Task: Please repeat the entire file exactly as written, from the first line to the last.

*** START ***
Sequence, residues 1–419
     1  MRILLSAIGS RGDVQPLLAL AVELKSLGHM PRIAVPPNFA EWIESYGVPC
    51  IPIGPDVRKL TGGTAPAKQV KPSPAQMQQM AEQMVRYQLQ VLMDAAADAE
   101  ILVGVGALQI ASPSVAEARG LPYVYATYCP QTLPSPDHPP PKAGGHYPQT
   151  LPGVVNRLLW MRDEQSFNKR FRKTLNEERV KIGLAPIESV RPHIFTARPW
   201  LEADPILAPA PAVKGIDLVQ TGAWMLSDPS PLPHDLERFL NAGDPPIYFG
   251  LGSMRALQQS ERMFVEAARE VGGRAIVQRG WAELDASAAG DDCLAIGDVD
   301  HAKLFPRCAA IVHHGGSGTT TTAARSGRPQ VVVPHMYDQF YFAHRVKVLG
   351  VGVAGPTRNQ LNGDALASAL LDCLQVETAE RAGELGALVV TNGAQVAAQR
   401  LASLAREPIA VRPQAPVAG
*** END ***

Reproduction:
Sequence, residues 1–419
     1  MRILLSAIGS RGDVQPLLAL AVELKSLGHM PRIAVPPNFA EWIESYGVPC
    51  IPIGPDVRKL TGGTAPAKQV KPSPAQMQQM AEQMVRYQLQ VLMDAAADAE
   101  ILVGVGALQI ASPSVAEARG LPYVYATYCP QTLPSPDHPP PKAGGHYPQT
   151  LPGVVNRLLW MRDEQSFNKR FRKTLNEERV KIGLAPIESV RPHIFTARPW
   201  LEADPILAPA PAVKGIDLVQ TGAWMLSDPS PLPHDLERFL NAGDPPIYFG
   251  LGSMRALQQS ERMFVEAARE VGGRAIVQRG WAELDASAAG DDCLAIGDVD
   301  HAKLFPRCAA IVHHGGSGTT TTAARSGRPQ VVVPHMYDQF YFAHRVKVLG
   351  VGVAGPTRNQ LNGDALASAL LDCLQVETAE RAGELGALVV TNGAQVAAQR
   401  LASLAREPIA VRPQAPVAG